Next was the injection of the saline. I was inflated like a water balloon with the lidocaine saline solution. This solution numbs up your insides in preparation for the laser and vacuuming. But when you add a couple of liters under your skin that's not used to it, it's stretched very tight. Plus the saline is heavy, so you have the sensation of bricks being loaded on your torso. 

The laser tip comes out of the end of the tube.

Finally it was laser time. The laser itself is on the tip of a thin strand, the size of angel hair pasta. It's super thin. Dr. Menon inserted it into one of the ports and began stroking back and forth with it as the laser blasted the fat cells. I could feel the wand scrape my insides. It didn't hurt except for an occasional jab. I asked her what protected my organs. She explained that it was my abdominal muscles, which are about an inch thick. That after the first couple of strokes, the muscles reflexively tighten up as a self defense mechanism. I was feeling the strokes along the muscles and along the inside of my epidermis (skin). It didn't hurt, I just knew it was happening.

She continued with each section. She had marked 8 sections on me and it took about an hour for that part alone.

NOT a smoothie, some of my fat.
After she was satisfied that she had 'melted' the fat, it was time to suction it out. She switched to the vacuum cannula to once again work each section. This step was a bit more aggressive in the strokes and the jabs, but nothing unbearable.

Interestingly, I was lucid and alert during the whole procedure. The drugs are supposed to be for pain and to calm you down. For some people, they get really loopy. Some people fall asleep. I was alert and paid attention during the whole thing. It wasn't until we were done and I had to stand up that I got a little dizzy.

Finally she was done and Vanessa helped to clean me up. Expect a lot of liquid since there is a lot of the saline solution involved. I used 6 liters of it! This was partly due to my apparent dehydration. Dr. Menon said she could tell I was dehydrated because my body just sucked up the saline.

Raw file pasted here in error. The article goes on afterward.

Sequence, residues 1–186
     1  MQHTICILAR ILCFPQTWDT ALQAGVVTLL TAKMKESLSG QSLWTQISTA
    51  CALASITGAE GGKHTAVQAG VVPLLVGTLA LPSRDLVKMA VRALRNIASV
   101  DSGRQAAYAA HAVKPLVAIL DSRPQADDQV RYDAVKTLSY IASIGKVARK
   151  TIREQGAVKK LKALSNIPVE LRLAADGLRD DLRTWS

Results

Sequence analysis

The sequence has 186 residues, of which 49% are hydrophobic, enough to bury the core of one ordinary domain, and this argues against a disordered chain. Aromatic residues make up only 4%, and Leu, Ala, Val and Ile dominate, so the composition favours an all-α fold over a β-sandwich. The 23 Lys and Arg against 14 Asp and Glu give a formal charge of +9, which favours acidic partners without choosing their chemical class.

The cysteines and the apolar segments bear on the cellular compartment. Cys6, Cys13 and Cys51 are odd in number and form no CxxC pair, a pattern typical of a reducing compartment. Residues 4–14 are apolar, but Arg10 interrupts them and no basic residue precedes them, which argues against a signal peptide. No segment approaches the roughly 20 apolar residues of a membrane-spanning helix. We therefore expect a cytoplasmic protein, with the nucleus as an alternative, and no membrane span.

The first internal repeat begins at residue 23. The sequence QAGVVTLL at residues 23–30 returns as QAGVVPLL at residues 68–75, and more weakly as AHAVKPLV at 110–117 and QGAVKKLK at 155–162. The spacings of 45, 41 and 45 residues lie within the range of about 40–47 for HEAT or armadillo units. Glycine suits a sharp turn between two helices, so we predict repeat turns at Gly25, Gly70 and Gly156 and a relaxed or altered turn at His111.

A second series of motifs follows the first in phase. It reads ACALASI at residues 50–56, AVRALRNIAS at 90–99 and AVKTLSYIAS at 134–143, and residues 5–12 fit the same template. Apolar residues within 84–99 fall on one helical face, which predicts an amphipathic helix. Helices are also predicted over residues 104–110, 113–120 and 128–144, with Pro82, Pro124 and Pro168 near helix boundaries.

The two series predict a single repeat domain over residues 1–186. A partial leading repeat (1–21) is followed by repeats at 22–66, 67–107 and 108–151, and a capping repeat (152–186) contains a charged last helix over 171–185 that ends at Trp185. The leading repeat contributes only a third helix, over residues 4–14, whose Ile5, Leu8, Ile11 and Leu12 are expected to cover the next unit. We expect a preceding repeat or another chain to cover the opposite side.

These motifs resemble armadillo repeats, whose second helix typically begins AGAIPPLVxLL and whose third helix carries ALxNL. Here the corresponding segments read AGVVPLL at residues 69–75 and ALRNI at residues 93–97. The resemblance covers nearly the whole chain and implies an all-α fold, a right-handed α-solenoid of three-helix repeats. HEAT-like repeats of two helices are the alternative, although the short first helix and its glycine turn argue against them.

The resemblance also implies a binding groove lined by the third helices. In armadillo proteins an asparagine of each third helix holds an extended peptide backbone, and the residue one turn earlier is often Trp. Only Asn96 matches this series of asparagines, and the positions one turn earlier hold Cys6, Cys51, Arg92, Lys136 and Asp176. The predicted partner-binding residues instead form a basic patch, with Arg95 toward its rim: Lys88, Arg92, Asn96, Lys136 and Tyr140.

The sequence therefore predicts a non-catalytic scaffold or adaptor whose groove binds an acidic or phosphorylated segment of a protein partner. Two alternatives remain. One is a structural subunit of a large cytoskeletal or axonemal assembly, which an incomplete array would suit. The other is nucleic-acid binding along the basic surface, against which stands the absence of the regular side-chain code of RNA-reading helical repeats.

Vanessa stood me and massaged my body to get some more of the saline to come out of my port holes before dressing me. They aren't able to suck it all out and so it will either drain through the port holes over the next 24 or so hours or it will be reabsorbed into the body and disposed of through your urine.

The port holes were dabbed with antibiotic and then I was taped up with feminine pads over the holes to soak up the drainage. Finally, the compression bandage garment was wrapped and strapped around me. A giant girdle to hold you in tight while your body heals. You are required to wear it 22 hours a day for the first two weeks and then 12 hours a day a month after that. You can also wear Spanx.

Michelle was there to drive me home except that you are required to be with someone for 24 hours just to be sure you don't have any problems. I spent the night over at BFF's house. I took a shower and rebandaged up. Then I took another Vicodin to sleep through the night. It was just a bit uncomfortable with all the padding and the compression garment.

I felt fine the next day. I drove to the first follow-up so that Ranee could check my port holes and to make sure I was wearing the compression garment properly. I was now able to take Tylenol instead for the pain. Basically my holes were itchy and my midsection was just really sore. I was still draining out of the lower holes (gravity), but the upper ones were already closing and healing.

I wore the compression garment and padding through a second night. The next morning I was able to just put small gauze pads on the last three holes that hadn't stopped draining completely and then switch to wearing Spanx. Then I went about my day as normal. I didn't even necessarily need Tylenol anymore. It's just soreness.

What Next

My next follow-up is in a month. By then my swelling should be down and I'll have my first set of after pictures. Perhaps I'll share some body pictures at that time (but that's not a promise). Then I think the final follow-up will be at the 6 month mark. But I should be 'done' any time from 4-6 months, depending on my body. Stay tuned!

Part III: 5 Weeks Out 
Part IV: 4 Months Out
V - Final Appointment

FCC Disclaimer: I was provided a substantial discount on the procedure in exchange for this series of articles.